Naltrexone (NLX), an opioid antagonist, is widely used in the treatment of opiate addiction, alcoholism and smoking cessation. Its current peroral administration induces various adverse side effects and has limited efficacy since bioavailability and patient compliance are poor. The development of a long-acting drug delivery system of NLX may overcome the current drawbacks and help in the improvement of treatment of addiction. The primary endpoints of this study were: a) to compare the NLX bioavailability and pharmacokinetics after delivering a single transbuccal dose, released by a prototype of intraoral device, versus an intravenous (I.V.) bolus of the same drug dose; b) to verify the functioning of a prototype of a new intraoral device in vivo; c) to evaluate the permeation enhancement effect of iontophoresis; d) to assess any histomorphological changes in the buccal mucosa after transbuccal delivery. The system was tested on 6 pigs in a cross-over trial. Venous blood samples were drawn at a fixed timetable from the beginning of drug administration and analyzed for the presence of NLX, using an LC/MS/MS method. A punch biopsy was performed for histological analysis after the final experiment. The administration of I.V. NLX induced a sharp increase in blood levels after 5 min and then a steep decrease. In contrast, transmucosal delivery resulted in a gradual increase in blood NLX levels, reaching its peak after 90 min, followed by a slow decrease. After 6 h the blood levels of NLX delivered through the buccal mucosa were higher as compared to I.V. administration. No signs of flogosis or tissue damage were histologically highlighted. These results suggest that buccal delivery by an intraoral electronic device could potentially induce long-lasting, continuous and controlled blood levels of NLX, avoiding at the same time spikes of drug plasma levels typical of the I.V. administration route.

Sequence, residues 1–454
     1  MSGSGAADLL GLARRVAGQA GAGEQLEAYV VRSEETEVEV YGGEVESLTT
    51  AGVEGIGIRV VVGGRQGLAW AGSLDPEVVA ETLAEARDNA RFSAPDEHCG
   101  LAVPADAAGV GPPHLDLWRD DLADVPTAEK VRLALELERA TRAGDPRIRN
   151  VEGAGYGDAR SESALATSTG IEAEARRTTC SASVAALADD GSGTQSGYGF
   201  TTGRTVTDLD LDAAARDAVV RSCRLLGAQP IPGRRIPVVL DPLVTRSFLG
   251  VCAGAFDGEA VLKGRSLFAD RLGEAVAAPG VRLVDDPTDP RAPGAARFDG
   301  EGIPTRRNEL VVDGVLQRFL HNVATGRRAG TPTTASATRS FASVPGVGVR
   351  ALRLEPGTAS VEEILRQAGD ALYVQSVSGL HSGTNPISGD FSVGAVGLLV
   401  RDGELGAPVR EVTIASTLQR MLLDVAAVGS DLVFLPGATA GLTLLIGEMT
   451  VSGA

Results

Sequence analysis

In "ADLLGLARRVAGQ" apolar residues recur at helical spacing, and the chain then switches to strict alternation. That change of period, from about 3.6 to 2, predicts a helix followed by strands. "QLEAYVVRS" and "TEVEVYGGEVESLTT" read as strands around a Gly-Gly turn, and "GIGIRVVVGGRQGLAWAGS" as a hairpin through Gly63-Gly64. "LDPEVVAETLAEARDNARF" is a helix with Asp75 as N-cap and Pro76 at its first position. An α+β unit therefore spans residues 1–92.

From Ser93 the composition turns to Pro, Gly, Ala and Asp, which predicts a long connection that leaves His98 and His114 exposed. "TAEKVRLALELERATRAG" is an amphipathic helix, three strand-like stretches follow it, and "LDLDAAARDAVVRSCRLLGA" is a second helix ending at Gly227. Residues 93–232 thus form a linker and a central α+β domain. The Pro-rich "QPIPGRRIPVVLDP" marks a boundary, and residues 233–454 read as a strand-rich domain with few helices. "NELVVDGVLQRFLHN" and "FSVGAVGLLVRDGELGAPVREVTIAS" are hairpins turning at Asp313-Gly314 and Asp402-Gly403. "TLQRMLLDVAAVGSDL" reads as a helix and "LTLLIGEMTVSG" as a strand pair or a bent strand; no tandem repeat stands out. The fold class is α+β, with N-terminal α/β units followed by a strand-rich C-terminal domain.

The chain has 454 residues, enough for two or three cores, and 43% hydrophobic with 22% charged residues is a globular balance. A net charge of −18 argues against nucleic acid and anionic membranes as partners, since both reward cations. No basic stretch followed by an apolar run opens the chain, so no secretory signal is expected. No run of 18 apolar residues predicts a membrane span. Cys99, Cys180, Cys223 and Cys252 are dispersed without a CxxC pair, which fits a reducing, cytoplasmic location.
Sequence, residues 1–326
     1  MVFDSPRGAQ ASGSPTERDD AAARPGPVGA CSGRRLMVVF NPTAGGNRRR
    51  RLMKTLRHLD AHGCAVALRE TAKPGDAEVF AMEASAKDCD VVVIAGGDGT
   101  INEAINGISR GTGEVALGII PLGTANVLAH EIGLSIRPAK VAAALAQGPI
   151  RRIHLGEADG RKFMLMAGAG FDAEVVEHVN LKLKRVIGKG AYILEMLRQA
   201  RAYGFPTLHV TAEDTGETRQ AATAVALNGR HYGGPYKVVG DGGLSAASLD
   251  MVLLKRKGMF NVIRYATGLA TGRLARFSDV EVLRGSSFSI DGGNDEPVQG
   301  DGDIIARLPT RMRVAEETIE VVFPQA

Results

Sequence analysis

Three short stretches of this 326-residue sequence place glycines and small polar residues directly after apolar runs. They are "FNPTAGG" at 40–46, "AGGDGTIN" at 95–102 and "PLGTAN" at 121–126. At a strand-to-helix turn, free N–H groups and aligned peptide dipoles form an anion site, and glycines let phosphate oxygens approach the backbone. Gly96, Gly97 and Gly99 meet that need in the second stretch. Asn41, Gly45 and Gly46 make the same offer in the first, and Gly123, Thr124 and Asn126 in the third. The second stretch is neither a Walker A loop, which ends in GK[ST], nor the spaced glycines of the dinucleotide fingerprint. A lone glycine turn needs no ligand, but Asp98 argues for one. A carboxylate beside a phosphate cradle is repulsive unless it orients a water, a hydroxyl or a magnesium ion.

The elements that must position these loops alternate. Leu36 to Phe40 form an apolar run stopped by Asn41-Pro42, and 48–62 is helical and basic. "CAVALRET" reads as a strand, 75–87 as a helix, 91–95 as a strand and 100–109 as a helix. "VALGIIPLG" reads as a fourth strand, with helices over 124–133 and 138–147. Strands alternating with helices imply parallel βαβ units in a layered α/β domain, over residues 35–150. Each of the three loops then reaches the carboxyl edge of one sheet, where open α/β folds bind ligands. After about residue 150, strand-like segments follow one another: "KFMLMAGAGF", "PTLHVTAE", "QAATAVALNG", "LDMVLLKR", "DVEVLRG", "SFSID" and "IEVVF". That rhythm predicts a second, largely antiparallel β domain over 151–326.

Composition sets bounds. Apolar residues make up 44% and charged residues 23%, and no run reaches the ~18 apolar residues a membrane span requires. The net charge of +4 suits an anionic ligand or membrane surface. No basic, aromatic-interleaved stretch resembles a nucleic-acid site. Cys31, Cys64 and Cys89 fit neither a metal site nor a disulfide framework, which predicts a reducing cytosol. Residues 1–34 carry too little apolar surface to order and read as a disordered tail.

|Numero di pagine||7|
|Rivista||Journal of Controlled Release|
|Stato di pubblicazione||Published - 2010|
All Science Journal Classification (ASJC) codes
- Pharmaceutical Science